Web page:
Wednesday, December 27, 2006

T'was Two Nights After

The Christmas trees are still aglow. The Taylors are still in their camper in the driveway. There is still left-over ham and Christmas cookies and cranberry tea. However, the guitar strumming in the living room is no longer there. Our lives are no longer brightened by Cecelie's high-powered smile when she is happy and her effective glower when she is putting on her perfect pout with her expressive little face. There are no shit-zus barking when we step into our garage. Those two hopped happily in their Eiler family's van this afternoon ready to take off for the long trip upstate after their vacation in the country and their visit with their "cousin" Fifi, who is still here but not sleeping in our garage.

Presents have been unwrapped, misplaced, broken, and most taken home. Christmas cards are still arriving and being enjoyed. Cousins were still coming and going today--we've seen not just the Eiler three and the Taylor two, but also Samuel, Erin, Geri Ann, and her friend Cece today. The kids have played inside and out, messed up the "art room," and cleaned it up as their parents ordered. For lunch they enjoyed fish from the lake that friends Winnie and Jay brought for us last fall to stash in the freezer. Elijah helped me roll it in cornmeal while Geri Ann had not arrived back here from basketball practice and while Sam and Trent were still sleeping in.

Tonight the eight here enjoyed pizza that Mary Ellen and Brian carried in when Brian picked Mary Ellen up from her sister Katherine's in town. I made hot chocolate although the weather was not really appropriate for it despite the season.

Things are winding down from Christmas and winding up for the new year ahead. We are facing the fact that our younger cousins are entering the teenage stage that the older ones have passed through. I realize that next year that transition will be even further along. Although I know it is what we really want for them, a part of me is reluctant to see the change.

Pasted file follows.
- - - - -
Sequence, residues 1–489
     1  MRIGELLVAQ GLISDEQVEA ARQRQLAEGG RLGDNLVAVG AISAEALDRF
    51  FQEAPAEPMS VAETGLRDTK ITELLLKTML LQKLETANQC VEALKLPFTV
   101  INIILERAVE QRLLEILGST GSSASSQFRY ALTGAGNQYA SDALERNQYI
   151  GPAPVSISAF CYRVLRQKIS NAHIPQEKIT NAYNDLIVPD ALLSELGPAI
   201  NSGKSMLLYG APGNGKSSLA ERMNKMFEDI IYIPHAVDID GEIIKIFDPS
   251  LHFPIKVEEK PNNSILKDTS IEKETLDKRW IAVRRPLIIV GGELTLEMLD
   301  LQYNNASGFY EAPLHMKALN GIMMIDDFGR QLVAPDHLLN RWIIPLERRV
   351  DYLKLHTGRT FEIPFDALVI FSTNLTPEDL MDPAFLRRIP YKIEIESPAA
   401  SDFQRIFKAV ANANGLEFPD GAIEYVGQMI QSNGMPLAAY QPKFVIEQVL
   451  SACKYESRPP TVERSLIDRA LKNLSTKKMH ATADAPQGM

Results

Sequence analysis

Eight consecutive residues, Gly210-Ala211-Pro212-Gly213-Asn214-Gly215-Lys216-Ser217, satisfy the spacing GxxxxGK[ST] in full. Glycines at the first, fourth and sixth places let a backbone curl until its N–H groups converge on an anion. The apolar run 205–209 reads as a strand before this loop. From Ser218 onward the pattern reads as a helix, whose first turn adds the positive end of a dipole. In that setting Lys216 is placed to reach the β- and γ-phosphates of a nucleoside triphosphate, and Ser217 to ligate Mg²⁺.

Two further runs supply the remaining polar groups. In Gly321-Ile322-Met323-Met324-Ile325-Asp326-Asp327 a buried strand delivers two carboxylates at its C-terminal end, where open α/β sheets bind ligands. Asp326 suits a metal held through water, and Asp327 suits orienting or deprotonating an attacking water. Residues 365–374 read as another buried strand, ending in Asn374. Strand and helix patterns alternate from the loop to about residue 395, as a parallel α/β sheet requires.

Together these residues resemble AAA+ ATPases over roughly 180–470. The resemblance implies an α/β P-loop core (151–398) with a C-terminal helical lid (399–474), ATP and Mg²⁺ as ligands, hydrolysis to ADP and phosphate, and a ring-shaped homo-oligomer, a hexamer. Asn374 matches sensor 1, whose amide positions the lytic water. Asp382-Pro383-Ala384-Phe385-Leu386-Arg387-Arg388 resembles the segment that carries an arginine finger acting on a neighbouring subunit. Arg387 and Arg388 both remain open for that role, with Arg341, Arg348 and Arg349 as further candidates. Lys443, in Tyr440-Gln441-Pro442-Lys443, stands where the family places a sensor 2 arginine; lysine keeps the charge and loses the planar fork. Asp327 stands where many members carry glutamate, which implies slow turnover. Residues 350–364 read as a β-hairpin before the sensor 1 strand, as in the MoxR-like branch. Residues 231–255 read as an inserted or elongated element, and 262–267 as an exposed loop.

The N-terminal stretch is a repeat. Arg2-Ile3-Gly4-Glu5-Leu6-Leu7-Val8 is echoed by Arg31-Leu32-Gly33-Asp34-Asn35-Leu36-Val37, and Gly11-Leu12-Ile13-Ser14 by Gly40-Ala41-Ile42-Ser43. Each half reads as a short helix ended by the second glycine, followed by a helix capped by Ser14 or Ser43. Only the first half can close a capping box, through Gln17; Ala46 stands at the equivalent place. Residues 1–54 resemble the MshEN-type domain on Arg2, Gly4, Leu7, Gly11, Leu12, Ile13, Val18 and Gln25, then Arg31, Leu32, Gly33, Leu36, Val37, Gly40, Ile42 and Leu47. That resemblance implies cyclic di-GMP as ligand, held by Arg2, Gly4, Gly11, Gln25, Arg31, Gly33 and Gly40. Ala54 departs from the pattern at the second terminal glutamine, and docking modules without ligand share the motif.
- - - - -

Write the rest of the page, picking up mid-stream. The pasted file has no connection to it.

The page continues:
I still remember when I would take four of these tiny cousins to the grocery store with me during a summer visit. They were so cute together. We'd create a sensation with people smiling at us. They need a grandmother's presence less and less now, and they aren't likely to be lined up going into a store with me. That is good and the way it is supposed to be. They are still cute together--putting on skits, playing games, and having serious grown-up talks with each other. David said they watched a TV show about global warming together and are worried. And probably trying to figure out a solution. Another year will really see a big difference in their maturity level. Now the trees are still glowing and there is still some time left to enjoy 2006 and the way they are now.

Friday, December 22, 2006

Ginger Came Through the Surgery

Good news for Christmas is that Ginger came through her open-heart surgery and two by-passes. Her surgery was delayed until they brought in some needed heart product from Saint Louis, and it took a long time for the surgery to be completed for those waiting anxiously in the waiting room. The Glasco brothers and Ginger's brother tried to keep upbeat telling stories to one another, and eventually we got to see the surgeon and hear the wonderful words that Ginger was okay.

We left at that point and came back to Marion and the farm. It would be another hour or so probably before she was out of recovery, and she had a large waiting room of people there who loved her and wanted to see her. She will probably be able to go home in five days.

Since a stroke five Christmases ago took away her short-term memory, I keep wondering if there is any possibility that a Christmas miracle might take place and this surgery in some peculiar way might bring that capacity back to her. This is not something the doctors mentioned as a possibility; the surgery was just to prevent the likelihood of a heart attack. Pray with me for a miracle. Miracles happen, and this is a good season for miracles.

Thursday, December 21, 2006

Dead Skunk in the Middle of the Road

Coming home from choir practice and Bible study on Sunday night, I watched carefully for deer as I always try to do. As I topped the hill beside our farm and just before I was to turn into our lane, suddenly there was a dead skunk in the middle of the road. I only had a second to react, but I thought I managed to straddle the creature as I heard no thump. But from there on home, I could smell skunk. So I parked the car outside in the yard rather than in the garage.

The next day it was raining, and Gerald drove the car to town and put it in the garage when he got home--only to quickly decide the car was not yet ready for polite company. So back outside it went.

We did place the car in the garage yesterday. The scent is diminishing. You have to lean over pretty close to the car and sniff, but that smell is still there in a small amount.

Going back to church last night to catch a ride for our presentation of catata music at the nursing home, I worried I might have picked up a little more scent as I think the skunk smell has been spread over a wider area as people have hit and squashed the poor corpse. No one has had the courage to move it off the road. I certainly haven't.